I get angry so that I can be important enough to be insulted?

It’s a perversion.  Usually we are angry when our status is diminished, and we want it restored.  When an angry person also has a triumphant gleam in their eye, I wonder whether they are also delighted to have found a situation where they are important enough to have been insulted?

Someone needs some deep respect

If I am right, and there is no reason that I should be, then a way to reduce anger is to help people feel valued.  Courtesy and politeness do this in part – but they avoid “dissing” the other person.  Courtesy and politeness isn’t respect.

If we want to help people find status without resorting to some bizarre form of tantrums, then we need to take the trouble to find out what about them is deeply valuable to us ~ and tell them.  I found a great quotation from E E Cummings yesterday ~ we have to mirror to people what is so wonderful and why we would be so much poorer without them!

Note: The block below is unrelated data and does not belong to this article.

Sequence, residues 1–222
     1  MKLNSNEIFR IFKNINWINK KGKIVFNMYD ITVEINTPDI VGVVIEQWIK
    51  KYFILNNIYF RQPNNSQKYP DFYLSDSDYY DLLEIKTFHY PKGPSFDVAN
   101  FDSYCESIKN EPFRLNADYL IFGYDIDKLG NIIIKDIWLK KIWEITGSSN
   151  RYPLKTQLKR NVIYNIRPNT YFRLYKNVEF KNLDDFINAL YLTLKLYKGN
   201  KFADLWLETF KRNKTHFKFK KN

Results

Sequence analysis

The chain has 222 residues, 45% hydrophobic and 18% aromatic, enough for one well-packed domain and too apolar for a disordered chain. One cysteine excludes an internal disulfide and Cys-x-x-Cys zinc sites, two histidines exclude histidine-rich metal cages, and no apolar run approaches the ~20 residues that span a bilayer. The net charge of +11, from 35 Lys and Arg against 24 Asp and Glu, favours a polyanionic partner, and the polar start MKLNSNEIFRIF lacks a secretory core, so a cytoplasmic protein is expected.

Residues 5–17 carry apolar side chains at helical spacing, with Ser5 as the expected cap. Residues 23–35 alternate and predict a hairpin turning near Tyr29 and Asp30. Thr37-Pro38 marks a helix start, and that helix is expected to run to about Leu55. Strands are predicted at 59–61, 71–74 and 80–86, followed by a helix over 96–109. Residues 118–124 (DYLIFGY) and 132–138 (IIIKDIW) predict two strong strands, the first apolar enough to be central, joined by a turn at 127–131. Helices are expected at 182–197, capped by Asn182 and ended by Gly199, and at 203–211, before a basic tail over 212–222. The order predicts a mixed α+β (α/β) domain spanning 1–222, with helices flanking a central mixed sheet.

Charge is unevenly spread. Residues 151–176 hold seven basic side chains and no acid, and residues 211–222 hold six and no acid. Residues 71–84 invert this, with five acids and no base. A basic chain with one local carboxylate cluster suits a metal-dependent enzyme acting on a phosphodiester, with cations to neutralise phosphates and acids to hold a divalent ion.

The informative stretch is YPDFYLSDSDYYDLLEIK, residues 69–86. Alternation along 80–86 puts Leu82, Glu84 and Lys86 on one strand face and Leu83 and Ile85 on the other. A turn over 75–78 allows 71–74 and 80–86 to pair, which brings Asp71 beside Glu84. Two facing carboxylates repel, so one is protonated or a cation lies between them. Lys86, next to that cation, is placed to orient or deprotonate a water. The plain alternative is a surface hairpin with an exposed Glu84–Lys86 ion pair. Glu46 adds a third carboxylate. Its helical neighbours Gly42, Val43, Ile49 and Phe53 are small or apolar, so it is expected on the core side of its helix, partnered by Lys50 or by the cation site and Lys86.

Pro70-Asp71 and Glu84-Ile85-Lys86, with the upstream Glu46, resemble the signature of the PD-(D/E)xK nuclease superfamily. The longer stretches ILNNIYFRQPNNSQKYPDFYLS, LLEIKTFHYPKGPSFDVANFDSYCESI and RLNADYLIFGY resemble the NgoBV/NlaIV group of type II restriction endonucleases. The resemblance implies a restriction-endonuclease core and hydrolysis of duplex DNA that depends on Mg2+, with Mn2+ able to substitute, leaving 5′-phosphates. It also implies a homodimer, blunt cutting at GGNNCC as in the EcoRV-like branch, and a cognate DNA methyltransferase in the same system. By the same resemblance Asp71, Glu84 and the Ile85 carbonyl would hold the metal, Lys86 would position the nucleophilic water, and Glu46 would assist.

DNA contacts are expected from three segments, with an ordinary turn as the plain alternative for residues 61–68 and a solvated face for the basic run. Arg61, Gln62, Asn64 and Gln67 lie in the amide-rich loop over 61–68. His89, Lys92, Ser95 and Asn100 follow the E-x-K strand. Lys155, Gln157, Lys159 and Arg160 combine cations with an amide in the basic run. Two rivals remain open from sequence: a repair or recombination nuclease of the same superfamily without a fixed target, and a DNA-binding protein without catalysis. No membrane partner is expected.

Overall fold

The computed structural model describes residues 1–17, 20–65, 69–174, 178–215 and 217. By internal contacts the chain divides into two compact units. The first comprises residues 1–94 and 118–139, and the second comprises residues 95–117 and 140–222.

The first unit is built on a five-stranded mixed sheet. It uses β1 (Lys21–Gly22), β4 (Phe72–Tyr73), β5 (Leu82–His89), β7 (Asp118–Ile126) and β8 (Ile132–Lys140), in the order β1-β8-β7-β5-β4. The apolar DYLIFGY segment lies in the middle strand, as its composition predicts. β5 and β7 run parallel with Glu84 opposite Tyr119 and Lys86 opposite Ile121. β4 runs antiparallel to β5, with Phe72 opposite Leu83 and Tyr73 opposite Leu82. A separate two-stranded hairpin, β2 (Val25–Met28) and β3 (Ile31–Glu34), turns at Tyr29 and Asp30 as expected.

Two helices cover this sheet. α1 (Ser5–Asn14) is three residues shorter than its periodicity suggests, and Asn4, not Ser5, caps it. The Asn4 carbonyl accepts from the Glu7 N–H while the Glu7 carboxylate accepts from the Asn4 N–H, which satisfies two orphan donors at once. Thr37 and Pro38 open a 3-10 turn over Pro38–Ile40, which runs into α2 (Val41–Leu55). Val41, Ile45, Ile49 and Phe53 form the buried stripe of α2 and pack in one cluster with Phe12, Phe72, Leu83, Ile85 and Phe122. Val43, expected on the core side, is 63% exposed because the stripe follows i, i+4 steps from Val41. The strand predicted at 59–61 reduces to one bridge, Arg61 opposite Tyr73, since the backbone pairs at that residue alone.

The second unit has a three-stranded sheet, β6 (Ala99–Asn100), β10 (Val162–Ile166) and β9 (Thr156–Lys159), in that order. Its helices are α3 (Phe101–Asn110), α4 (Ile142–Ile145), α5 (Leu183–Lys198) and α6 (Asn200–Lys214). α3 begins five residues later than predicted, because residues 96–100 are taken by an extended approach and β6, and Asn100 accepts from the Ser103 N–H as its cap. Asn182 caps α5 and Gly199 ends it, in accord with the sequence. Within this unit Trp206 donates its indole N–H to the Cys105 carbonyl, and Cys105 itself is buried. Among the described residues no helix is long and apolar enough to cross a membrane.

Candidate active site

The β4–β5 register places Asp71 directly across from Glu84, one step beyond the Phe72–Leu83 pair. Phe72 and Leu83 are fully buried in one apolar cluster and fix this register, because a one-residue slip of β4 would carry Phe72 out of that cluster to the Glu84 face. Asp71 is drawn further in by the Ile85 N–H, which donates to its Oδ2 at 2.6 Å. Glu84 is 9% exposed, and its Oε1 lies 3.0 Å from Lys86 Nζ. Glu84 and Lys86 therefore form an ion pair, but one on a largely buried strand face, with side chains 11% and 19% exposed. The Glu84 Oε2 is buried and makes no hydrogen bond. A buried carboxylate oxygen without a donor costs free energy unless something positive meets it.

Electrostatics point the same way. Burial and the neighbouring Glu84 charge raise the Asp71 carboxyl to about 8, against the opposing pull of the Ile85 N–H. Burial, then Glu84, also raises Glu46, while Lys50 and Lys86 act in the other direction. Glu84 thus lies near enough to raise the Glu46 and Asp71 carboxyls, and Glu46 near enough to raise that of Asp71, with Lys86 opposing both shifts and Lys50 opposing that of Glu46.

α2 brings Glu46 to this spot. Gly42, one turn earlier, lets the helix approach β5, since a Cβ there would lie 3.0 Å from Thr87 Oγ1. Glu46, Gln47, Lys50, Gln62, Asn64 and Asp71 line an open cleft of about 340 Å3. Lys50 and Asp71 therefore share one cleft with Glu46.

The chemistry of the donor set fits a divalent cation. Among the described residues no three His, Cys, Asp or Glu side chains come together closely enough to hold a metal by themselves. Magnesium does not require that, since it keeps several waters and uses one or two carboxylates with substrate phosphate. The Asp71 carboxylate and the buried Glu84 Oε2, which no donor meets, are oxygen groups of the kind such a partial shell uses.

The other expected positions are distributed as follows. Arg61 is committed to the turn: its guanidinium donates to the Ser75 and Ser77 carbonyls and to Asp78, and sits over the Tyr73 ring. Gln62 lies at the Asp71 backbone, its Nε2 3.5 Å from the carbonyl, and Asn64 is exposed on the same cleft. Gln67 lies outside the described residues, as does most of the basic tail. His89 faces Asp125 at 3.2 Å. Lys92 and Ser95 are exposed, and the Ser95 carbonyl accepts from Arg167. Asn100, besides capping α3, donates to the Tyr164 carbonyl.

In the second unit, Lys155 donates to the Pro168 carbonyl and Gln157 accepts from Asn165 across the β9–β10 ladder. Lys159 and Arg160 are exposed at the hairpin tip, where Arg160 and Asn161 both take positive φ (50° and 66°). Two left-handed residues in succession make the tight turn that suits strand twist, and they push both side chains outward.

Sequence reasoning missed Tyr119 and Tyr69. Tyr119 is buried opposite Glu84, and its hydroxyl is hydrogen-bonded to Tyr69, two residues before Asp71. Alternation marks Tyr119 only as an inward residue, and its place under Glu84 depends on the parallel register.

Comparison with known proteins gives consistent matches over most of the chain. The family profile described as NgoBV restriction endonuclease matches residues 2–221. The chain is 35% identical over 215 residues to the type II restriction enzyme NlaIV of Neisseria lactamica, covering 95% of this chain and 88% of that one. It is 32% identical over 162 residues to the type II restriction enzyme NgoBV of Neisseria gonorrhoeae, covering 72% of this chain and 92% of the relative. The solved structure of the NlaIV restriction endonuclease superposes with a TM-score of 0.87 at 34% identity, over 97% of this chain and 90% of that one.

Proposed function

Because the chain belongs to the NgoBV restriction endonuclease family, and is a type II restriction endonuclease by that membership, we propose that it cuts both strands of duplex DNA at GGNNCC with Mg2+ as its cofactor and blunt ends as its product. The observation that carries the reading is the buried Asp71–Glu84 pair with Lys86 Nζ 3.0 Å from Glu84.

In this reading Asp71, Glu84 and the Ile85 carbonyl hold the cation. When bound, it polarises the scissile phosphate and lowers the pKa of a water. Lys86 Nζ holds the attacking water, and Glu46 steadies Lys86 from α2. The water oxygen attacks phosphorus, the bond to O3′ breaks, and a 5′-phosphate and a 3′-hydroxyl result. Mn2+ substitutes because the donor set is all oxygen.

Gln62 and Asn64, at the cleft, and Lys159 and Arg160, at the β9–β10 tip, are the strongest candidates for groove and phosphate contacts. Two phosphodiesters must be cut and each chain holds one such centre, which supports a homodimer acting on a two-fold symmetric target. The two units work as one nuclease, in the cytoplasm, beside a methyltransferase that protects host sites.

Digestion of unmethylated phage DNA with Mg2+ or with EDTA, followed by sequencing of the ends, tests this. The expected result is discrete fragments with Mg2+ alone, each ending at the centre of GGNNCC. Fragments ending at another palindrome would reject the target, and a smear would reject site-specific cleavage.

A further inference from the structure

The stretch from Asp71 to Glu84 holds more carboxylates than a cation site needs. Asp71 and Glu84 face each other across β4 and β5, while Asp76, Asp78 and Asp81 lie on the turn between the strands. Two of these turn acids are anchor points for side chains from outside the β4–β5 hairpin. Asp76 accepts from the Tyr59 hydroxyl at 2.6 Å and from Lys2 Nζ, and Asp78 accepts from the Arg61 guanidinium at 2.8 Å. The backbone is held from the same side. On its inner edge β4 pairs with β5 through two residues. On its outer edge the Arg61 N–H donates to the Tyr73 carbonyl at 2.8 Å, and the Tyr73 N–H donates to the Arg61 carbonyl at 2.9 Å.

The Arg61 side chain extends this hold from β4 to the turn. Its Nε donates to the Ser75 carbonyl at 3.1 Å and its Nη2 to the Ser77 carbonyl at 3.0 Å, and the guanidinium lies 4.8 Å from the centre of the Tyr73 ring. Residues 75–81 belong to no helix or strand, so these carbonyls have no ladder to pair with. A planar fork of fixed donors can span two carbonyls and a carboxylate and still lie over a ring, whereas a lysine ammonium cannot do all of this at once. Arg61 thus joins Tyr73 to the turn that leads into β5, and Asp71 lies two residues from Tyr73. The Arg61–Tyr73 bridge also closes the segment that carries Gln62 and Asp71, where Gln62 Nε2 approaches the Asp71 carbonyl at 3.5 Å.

Extreme experiments in life

Try that as you are next on a commuter train and your neighbour is annoying you.  Pay them some attention. Yes, I know you are English, but try.  It will be a fun experiment, won’t it?

What will happen when you pick on the one point that is so important to them and that you would really miss if they weren’t part of your life?

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Find the courage to apologise and invite by understanding the deep hurt

When we are outraged, we don’t make a lot of sense

I went to a fairly “diverse” university during a civil war: we had black students, white students, and others!